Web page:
Common Law Marriage and Estate Planning in South Carolina | Parker Poe Adams & Bernstein LLP

Whether two people are legally married is a decidedly important factor in estate planning and probate in South Carolina. For example, spouses cannot unilaterally disinherit while non-spouses can; spouses are free to give each other unlimited assets over their lifetime without tax consequences, while non-spouses have tax-free gift limits; spouses can stretch distributions from a qualified retirement account inherited from each other while non-spouses cannot; spouses are entitled to at least 50% of each other’s estate if the deceased spouse died without a will, while non-spouses may not.

In a perfect world, the question of whether two people are married should start with the existence of a marriage license and end with the existence of a divorce decree. But South Carolina and other jurisdictions recognize an exception called “common law marriage.” Basically, the doctrine of common law marriage provides that two people can agree to marry, expressly or by implication, whether or not they obtain a valid marriage license.

But on July 24, 2019, the South Carolina Supreme Court issued an opinion in a case called Stone v. Thompson, 428 SC 79, 833 SE2d 266 (2019), which significantly changed the doctrine of common-law marriage in South Carolina. First and foremost, the Supreme Court prospectively abolished common law marriage. This means that after July 24, 2019, a couple cannot agree to marry without obtaining a valid license. Next, the Supreme Court refined the test to determine whether such a common-law marriage is valid for persons who are deemed to have entered into a common-law marriage before July 24, 2019. The new standard is that “a party who claims a common-law marriage de facto is required to demonstrate the de facto union. consent to marry by clear and convincing evidence. Clear and convincing evidence is a heightened standard that requires a party to present a degree of evidence sufficient to produce a firm belief in the allegations sought to be established. This is a higher standard than “preponderance of the evidence” (ie “more likely than not”), but lower than “beyond a reasonable doubt”. The promoter of the de facto marriage will have to prove that he wanted to get married and that the other person did too. Some factors parties will use to argue one side or the other are tax returns, sworn documents, public appearances, contracts, and financial accounts.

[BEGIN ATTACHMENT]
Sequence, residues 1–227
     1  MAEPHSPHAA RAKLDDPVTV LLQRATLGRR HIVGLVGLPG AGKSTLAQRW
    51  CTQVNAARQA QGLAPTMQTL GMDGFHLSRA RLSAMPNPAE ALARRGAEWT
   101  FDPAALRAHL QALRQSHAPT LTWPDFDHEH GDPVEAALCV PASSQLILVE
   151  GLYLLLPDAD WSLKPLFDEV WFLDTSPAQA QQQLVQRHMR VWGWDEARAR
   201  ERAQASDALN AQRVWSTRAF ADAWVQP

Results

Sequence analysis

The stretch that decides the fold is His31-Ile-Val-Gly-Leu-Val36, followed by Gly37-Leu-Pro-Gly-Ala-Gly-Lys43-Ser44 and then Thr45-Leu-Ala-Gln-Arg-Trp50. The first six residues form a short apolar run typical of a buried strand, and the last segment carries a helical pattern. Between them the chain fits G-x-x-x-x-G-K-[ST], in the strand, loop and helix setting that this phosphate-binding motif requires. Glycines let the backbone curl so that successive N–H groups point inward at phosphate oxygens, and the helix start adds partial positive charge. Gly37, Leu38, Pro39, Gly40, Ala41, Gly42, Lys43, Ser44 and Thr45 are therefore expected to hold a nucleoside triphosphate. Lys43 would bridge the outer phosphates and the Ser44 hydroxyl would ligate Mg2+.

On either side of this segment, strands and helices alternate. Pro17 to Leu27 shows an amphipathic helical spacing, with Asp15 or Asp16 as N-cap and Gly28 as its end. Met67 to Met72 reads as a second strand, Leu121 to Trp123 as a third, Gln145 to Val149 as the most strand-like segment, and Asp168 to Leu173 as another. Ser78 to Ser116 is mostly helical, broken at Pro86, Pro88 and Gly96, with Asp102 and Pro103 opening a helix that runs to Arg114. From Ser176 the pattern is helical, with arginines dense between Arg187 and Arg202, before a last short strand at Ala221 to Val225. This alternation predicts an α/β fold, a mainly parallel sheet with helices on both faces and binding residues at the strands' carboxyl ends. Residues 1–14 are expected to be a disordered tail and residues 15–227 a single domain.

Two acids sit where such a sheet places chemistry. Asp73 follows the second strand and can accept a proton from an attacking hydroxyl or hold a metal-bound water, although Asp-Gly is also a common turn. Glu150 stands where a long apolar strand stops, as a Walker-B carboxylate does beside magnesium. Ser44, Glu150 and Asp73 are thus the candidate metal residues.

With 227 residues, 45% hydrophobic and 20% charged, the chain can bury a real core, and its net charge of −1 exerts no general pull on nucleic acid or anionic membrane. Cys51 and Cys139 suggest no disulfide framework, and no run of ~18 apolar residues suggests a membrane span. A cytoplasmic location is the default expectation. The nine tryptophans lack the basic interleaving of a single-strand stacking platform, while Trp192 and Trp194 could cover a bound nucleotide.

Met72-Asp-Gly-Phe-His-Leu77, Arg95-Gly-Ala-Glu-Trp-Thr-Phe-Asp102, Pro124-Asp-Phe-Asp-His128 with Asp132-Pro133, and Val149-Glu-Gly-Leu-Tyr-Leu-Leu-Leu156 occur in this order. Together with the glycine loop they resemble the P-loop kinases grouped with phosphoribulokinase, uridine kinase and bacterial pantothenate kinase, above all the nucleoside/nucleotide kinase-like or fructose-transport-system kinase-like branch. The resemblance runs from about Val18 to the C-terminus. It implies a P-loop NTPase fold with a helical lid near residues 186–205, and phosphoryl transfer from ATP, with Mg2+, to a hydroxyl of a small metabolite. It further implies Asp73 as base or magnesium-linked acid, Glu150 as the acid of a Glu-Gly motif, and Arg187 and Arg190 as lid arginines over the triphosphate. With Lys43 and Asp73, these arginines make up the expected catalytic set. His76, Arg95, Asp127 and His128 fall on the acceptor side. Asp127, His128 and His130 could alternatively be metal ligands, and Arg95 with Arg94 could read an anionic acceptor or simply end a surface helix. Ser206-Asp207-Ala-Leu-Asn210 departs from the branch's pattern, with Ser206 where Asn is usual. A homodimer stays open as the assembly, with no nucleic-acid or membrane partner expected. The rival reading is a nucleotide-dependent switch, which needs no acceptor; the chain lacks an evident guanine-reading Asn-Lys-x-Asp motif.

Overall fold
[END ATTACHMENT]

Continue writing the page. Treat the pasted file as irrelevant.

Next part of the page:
A crucial issue like marriage should not be left to chance. If two people want to be treated as a married couple, the surest and only way available to guarantee this bond is to obtain a marriage license. Otherwise, the question of marriage could be argued in the event of the dissolution of the partnership and/or the death of one of the parties. If in doubt, get the license.

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